The Washington Times - July 3, 2009, 11:25PM

Pitching was the problem early, and pitching was the problem late in the Nats’ 9-8 loss to the Braves tonight. Despite an offense that battled for eight runs, Washington lost for the sixth time in seven games because of Ross Detwiler’s short outing and a bullpen that couldn’t keep a tie game tied.

Detwiler lasted just 3 1/3 innings, the shortest start of his career, and talked afterward about losing the release point on his fastball, just as he did last Friday in Baltimore. When that happens, he can’t sink the ball; instead, he leaves it up in the strike zone and gets hit. Pretty simple, but it’s something Detwiler has struggled with off-and-on in his entire month-and-a-half stint in the big leagues. He was never supposed to be in the majors for this long, and it’s worth asking whether the Nationals will send him to Class AAA Syracuse to continue working on his delivery, as they were planning to do in May.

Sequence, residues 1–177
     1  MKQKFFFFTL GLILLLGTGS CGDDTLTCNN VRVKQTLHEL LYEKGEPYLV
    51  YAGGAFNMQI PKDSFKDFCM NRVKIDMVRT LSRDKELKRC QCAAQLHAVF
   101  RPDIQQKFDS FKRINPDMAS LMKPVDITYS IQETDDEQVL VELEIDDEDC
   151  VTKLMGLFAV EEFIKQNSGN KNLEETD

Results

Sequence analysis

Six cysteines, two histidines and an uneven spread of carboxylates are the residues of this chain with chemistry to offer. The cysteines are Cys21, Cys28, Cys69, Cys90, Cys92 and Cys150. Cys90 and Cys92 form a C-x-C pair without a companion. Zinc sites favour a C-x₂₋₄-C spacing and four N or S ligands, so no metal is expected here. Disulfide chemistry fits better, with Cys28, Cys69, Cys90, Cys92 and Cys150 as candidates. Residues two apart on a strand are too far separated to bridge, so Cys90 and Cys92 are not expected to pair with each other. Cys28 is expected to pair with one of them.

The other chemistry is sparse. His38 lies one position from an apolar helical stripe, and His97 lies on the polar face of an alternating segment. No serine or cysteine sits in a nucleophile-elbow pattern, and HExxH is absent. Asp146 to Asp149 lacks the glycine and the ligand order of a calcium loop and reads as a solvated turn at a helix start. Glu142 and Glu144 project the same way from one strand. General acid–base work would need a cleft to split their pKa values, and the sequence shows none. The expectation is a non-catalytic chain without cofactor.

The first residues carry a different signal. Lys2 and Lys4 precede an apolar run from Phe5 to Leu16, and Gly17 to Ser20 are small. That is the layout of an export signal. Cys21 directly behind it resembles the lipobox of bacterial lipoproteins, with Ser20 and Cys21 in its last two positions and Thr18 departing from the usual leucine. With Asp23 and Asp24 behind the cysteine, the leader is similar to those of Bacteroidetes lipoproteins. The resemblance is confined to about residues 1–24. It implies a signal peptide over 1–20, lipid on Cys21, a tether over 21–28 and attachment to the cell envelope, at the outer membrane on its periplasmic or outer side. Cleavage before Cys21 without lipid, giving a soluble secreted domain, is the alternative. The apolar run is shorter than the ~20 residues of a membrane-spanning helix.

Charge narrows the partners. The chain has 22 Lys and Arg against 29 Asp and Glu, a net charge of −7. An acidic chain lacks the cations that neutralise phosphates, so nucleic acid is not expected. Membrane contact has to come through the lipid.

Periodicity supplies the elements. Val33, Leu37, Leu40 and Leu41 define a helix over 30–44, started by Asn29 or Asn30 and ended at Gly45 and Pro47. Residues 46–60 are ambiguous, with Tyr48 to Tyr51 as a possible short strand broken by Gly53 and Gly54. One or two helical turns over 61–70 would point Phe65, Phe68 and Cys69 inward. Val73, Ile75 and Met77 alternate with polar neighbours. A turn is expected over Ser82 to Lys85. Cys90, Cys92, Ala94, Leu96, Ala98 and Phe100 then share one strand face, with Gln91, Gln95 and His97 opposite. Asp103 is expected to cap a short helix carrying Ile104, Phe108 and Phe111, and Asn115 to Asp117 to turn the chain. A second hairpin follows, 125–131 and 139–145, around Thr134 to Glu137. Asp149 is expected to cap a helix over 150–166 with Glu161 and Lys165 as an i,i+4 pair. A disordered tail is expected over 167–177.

“He struggled mightily. He couldn’t get the ball down at all,” manager Manny Acta said. “Every pitch was up. Every one of them. That’s a veteran club, and if you can’t get the ball down, they’ll hit you.”

The bullpen’s problems were just as elementary. Jesus Colome walked two in the seventh, making pinch hitter Brooks Conrad’s first big-league homer hurt that much more. Colome, Ron Villone and Julian Tavarez issued five walks between them, though one was intentional.

“It’s hard to turn to any one of them right now,” Acta said. “Every one of them is struggling.”

On a more positive note, the Nats’ offense surged against the Braves’ pitching staff tonight. Adam Dunn hit his 21st homer, tying him for 5th in the NL, and Cristian Guzman drove in three runs from the No. 6 hole for the first time. But it was just another high-scoring loss for the Nats.